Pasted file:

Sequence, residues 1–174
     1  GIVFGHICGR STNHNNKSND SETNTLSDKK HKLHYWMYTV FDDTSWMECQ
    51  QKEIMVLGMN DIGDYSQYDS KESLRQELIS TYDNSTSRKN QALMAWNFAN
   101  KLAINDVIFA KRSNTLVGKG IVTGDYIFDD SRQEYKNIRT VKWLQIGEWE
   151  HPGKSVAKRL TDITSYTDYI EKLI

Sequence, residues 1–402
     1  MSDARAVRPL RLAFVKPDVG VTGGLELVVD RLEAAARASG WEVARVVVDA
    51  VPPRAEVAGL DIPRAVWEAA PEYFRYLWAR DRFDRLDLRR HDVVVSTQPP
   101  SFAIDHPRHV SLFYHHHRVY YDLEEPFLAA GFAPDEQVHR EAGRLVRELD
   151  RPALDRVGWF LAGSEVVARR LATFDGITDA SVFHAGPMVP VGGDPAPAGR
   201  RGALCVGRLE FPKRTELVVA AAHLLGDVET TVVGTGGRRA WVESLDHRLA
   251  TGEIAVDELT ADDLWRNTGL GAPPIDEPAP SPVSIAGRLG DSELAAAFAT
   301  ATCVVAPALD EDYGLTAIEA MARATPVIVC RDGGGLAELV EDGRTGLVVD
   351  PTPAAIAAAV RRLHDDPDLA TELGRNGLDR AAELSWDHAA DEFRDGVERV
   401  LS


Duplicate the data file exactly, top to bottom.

Sequence, residues 1–174
     1  GIVFGHICGR STNHNNKSND SETNTLSDKK HKLHYWMYTV FDDTSWMECQ
    51  QKEIMVLGMN DIGDYSQYDS KESLRQELIS TYDNSTSRKN QALMAWNFAN
   101  KLAINDVIFA KRSNTLVGKG IVTGDYIFDD SRQEYKNIRT VKWLQIGEWE
   151  HPGKSVAKRL TDITSYTDYI EKLI

Sequence, residues 1–402
     1  MSDARAVRPL RLAFVKPDVG VTGGLELVVD RLEAAARASG WEVARVVVDA
    51  VPPRAEVAGL DIPRAVWEAA PEYFRYLWAR DRFDRLDLRR HDVVVSTQPP
   101  SFAIDHPRHV SLFYHHHRVY YDLEEPFLAA GFAPDEQVHR EAGRLVRELD
   151  RPALDRVGWF LAGSEVVARR LATFDGITDA SVFHAGPMVP VGGDPAPAGR
   201  RGALCVGRLE FPKRTELVVA AAHLLGDVET TVVGTGGRRA WVESLDHRLA
   251  TGEIAVDELT ADDLWRNTGL GAPPIDEPAP SPVSIAGRLG DSELAAAFAT
   301  ATCVVAPALD EDYGLTAIEA MARATPVIVC RDGGGLAELV EDGRTGLVVD
   351  PTPAAIAAAV RRLHDDPDLA TELGRNGLDR AAELSWDHAA DEFRDGVERV
   401  LS